"I think it's a wide open race ... all the candidates are working hard here," Erwin said. "There's a great opportunity for all these candidates to be tested against a more diverse group of voters."

Kerry on Thursday received the endorsement of Rep. James Clyburn (search), an influential black South Carolina Democrat who could help Kerry garner the African-American vote in the Palmetto State. About 30 to 40 percent of voters expected to turn out for Tuesday's primary will be black.

"All of the Democratic candidates seem to be on the same page [on the issues]. The clincher for me was the whole notion on how we can bring our country back together again," Clyburn told Fox News Thursday. "I think he [Kerry] can help us heal from the era of Vietnam. There's still sores from that."

Edwards, who has been using his southern roots to his advantage on the South Carolina stump, isn't letting that endorsement get him down.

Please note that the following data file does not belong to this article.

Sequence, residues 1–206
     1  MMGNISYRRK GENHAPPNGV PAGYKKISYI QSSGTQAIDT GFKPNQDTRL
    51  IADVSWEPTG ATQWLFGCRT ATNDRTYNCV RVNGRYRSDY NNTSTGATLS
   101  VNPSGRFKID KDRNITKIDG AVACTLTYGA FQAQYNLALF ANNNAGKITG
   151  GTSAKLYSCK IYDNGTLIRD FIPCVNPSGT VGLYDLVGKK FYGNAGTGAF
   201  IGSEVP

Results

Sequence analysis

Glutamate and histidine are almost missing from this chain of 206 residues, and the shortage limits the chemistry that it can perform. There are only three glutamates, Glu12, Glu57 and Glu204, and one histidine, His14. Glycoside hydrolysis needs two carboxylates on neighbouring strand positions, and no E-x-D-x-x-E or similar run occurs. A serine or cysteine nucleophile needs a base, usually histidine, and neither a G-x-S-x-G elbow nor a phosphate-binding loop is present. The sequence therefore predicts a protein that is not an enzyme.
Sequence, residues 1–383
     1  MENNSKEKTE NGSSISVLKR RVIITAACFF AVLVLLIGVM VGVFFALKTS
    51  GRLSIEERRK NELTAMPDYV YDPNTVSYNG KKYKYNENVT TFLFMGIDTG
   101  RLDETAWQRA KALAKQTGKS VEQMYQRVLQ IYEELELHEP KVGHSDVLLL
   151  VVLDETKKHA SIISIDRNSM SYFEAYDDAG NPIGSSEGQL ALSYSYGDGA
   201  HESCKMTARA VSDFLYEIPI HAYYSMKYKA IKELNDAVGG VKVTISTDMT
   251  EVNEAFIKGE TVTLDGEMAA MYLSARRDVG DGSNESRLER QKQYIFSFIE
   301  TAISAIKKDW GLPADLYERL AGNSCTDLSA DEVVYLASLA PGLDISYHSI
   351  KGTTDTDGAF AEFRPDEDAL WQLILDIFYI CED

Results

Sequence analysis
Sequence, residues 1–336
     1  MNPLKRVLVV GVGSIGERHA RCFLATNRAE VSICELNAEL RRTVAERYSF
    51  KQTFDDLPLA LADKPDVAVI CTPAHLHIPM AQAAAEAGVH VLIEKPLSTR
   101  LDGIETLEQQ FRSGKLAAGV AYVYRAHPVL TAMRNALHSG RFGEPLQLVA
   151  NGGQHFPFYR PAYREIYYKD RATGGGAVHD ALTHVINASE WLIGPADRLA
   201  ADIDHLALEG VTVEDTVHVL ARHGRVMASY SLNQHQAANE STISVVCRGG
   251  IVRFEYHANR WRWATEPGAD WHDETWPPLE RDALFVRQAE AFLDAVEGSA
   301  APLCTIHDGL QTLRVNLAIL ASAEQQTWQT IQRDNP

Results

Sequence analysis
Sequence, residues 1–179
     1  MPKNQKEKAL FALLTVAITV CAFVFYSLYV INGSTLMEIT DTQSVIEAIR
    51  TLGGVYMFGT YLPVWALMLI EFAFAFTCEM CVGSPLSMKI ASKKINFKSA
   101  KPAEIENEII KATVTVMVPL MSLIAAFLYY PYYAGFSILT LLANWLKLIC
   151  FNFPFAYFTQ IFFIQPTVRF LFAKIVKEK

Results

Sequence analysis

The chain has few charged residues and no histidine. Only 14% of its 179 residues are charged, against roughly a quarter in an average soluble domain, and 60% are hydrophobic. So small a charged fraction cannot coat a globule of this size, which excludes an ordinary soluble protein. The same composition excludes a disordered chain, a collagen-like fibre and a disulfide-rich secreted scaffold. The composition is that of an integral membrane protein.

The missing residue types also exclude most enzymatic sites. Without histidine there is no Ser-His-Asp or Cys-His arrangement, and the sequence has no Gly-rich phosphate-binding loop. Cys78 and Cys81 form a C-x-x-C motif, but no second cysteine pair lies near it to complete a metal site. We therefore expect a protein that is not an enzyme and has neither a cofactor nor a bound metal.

"I have great respect for Congressman Clyburn. He's a good man," Edwards said, adding, "I think actually almost all of Congressman Clyburn's people are supporting me and working with me."

"None of this is an anti-John Edwards," Clyburn said. "This is all about trying to add a boost to John Kerry. I want John Kerry to leave South Carolina with one of the two tickets to the championship match that will come the next Tuesday" when voters go to the polls in Arizona, Delaware, Missouri, New Mexico, North Dakota, Oklahoma, South Carolina.

But endorsements don't necessarily win elections, experts said.

"If we've learned anything from the past couple of months, endorsement from Al Gore and the like don't make a difference in the way votes are cast," said former South Carolina Gov. Jim Hodges, who is an adviser to Clark's campaign, referring to Gore and others like Bill Bradley endorsing Dean.

Connecticut Sen. Joe Lieberman (search) on Thursday receive the endorsement of The Arizona Republic.

Edwards, meanwhile, picked up the support in Missouri of Rep. Ike Skelton (search), D-Mo.